Suggested Mechanisms of Action of Vitamin B-17
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Additional articles on nitrilosides.
Reprinted with permission from www.worldwithoutcancer.com
Charles Gurchot, Ph.D.
Oral doses of Vitamin B-17 seem not to much affected by the action of the acid medium of the stomach, but pass into the intestine where the substance is acted upon by bacterial enzymes.
In the intestine the enzyme complex Emulsin containing the enzymes Beta-glucosidase, Benzocyanase, and others, degrades the Amygdalin into four components: Hydrocyanic acid, Benzaldehyde, Prunasin, and Mandelonitrile, which are absorbed into the lymph and portal circulations.
Cyanide is converted to thiocyanate probably in the blood circulation, and certainly in the liver by the enzyme rhodanese in the presence of sulfur-bearing compounds.1,2 The circulating thiocyanate exerts certain physiological effects on blood pressure and thyroid action, and is not excreted rapidly. (In the absence of the enzyme or sulfur, the cyanide may form cyano-hemoglobin.)
In cancer patients some thiocyanate finds its way to the site of the cancer lesion.
The benzaldehyde formed in the intestine probably has no important function, but in the circulation forms benzoic acid and is excreted as benzaldehyde hippurate.
Prunasin (the mono-glucoside of Mandelonitrile) can circulate in the body and reach the malignant lesion, and as such hydrolyse to liberate hydrocyanic acid, benzaldehyde, and one glucose molecule.
Prunasin may also be changed in the liver to Mandelonitrile glucuronoside. This conversion to the glucuoronoside may take place in two different ways: 1) by combining with glucuronic acid, which would remove one sugar molecule; 2) by oxidation of the terminal alcohol group of the prunasin glucose molecule.
The mandelonitrile is absorbed from the intestine, going directly to the liver where it is converted by the detoxification mechanism of joining it to glucuronic acid. It may then be excreted as the glucuronide or find its way to the site of a malignant lesion.
Glucosidic enzymes at the lesion may hydrolyse prunasin into its components cyanide, benzaldehyde, and a glucose molecule, to interfere with tissue respiration. In the process of enzyme hydrolysis pure mandelonitrile, as an intermediate step, may be released.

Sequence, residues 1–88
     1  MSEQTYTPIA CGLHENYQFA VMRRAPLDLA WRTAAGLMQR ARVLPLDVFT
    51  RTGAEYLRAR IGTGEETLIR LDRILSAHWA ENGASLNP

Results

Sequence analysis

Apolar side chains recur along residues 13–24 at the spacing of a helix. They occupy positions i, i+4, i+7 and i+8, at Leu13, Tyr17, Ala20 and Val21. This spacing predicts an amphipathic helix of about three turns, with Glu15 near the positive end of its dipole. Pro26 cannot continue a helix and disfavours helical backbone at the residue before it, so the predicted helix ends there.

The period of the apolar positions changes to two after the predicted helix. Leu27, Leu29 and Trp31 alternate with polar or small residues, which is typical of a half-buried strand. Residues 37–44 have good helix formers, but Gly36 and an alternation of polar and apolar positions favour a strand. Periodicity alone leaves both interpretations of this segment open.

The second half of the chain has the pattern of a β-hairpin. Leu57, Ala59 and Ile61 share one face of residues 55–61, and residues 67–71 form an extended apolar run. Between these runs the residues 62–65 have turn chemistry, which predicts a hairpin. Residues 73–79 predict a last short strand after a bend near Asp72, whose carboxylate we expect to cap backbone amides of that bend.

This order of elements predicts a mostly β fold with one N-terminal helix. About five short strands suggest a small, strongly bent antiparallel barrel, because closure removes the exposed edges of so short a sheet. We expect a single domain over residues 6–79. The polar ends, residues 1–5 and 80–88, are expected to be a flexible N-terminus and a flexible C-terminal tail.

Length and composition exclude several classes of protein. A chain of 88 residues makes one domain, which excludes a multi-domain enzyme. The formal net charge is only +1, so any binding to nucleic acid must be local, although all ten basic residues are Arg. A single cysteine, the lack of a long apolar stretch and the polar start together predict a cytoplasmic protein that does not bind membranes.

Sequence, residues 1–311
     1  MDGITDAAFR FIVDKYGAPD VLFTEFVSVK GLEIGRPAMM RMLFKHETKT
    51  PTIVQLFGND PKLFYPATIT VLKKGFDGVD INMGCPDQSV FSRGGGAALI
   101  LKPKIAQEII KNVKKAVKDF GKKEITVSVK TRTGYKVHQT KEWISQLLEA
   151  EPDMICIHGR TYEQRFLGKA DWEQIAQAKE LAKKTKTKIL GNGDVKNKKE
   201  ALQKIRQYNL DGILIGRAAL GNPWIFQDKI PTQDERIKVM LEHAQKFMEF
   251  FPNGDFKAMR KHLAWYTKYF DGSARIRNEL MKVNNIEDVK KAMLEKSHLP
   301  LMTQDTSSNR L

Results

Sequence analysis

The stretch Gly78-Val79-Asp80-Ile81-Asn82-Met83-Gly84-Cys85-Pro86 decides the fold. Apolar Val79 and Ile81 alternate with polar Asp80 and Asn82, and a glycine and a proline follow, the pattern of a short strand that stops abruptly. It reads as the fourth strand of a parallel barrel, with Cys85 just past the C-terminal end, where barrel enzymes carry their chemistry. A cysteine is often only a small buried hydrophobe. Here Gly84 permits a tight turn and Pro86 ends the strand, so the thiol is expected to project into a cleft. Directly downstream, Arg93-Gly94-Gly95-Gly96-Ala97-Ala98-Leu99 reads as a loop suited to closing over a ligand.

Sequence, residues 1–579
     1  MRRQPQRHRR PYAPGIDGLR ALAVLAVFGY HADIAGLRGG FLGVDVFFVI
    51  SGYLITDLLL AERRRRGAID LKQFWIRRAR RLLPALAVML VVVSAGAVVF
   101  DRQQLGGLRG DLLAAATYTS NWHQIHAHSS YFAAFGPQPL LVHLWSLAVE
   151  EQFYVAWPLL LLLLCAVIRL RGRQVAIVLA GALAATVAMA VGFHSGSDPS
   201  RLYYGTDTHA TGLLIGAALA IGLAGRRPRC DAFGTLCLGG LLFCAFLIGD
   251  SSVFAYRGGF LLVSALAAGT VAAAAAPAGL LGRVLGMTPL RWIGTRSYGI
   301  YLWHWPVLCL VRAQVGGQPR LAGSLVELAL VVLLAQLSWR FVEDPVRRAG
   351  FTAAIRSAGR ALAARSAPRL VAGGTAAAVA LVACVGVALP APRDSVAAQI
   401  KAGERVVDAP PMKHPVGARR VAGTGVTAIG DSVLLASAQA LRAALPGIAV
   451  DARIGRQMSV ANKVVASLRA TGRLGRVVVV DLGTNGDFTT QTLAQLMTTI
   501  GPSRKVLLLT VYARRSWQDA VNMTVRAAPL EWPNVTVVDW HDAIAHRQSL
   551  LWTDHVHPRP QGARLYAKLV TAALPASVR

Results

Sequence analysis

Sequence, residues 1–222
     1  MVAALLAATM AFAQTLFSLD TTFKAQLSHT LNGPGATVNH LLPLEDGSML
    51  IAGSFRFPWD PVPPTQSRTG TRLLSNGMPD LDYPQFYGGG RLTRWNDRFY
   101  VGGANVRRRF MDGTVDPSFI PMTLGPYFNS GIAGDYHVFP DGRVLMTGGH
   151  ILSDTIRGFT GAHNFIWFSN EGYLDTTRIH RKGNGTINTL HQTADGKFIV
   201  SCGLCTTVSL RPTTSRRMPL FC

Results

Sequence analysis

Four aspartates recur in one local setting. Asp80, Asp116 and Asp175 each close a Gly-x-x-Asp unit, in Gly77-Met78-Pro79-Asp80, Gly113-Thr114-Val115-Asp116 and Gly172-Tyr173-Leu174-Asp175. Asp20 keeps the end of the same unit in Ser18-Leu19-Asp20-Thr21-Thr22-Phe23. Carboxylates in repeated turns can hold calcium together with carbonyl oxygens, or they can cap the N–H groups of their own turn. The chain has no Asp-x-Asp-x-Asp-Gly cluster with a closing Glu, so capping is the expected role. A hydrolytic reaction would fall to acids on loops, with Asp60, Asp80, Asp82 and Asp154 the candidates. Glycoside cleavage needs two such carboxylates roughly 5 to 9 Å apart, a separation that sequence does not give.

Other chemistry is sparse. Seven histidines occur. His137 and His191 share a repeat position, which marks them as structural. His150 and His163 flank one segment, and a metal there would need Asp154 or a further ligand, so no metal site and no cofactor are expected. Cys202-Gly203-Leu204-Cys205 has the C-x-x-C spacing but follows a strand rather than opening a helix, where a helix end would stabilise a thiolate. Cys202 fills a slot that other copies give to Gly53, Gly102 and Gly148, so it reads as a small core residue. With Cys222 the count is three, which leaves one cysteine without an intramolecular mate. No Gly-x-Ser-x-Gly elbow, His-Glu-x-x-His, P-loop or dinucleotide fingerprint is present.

Mandelonitrile of itself may undergo spontaneous hydrolysis to HCN and benzaldehyde or enzymatic decomposition by benzocyanase present in the emulsin complex.
Mandelonitrile glucuronide may be hydrolysed at the tumor site by Beta-glucuronidase to yield HCN, benzaldehyde and glucuronic acid.
Benzaldehyde released through these processes at the site of the malignant lesion may be reduced to benzyl alcohol, and combine with the thiocyanate to form benzo thiocyanate. This compound is further reduced to a thio-alcohol, benzo mercaptain, and hydrocyanic acid. In this manner HCN reappears and may continue to do so in a cyclic manner until the intracellular conditions that permit the reaction involved in the cycle are no longer operative.
These phenomena would explain the synergistic effect of benzaldehyde and cyanide in depressing the metabolism of mouse tumor slices in the Warburg apparatus (Dean Burk3).
In the absense of rhodanese the cyanide probably exerts its lethal effects on cell respiration, which is relatively small in cancer cells, by interferance with the cytochrome oxidase enzymes.
Cyanide, either as such, or as mandelonitrile, may combine with glucose to form cyanoglucose, which, on hydrolysis, forms a glucuronide heptose analogous to gluconic acid, which would be excreted, or dehydrogenated to heptose, which also would be excreted. The conditions for this transformation exist in cancer tissue and would constitute anti-gluconeogenesis.
[From Physicians Handbook of Vitamin B-17 Therapy, McNaughton Foundation, Published by: Science Press International, 1973]
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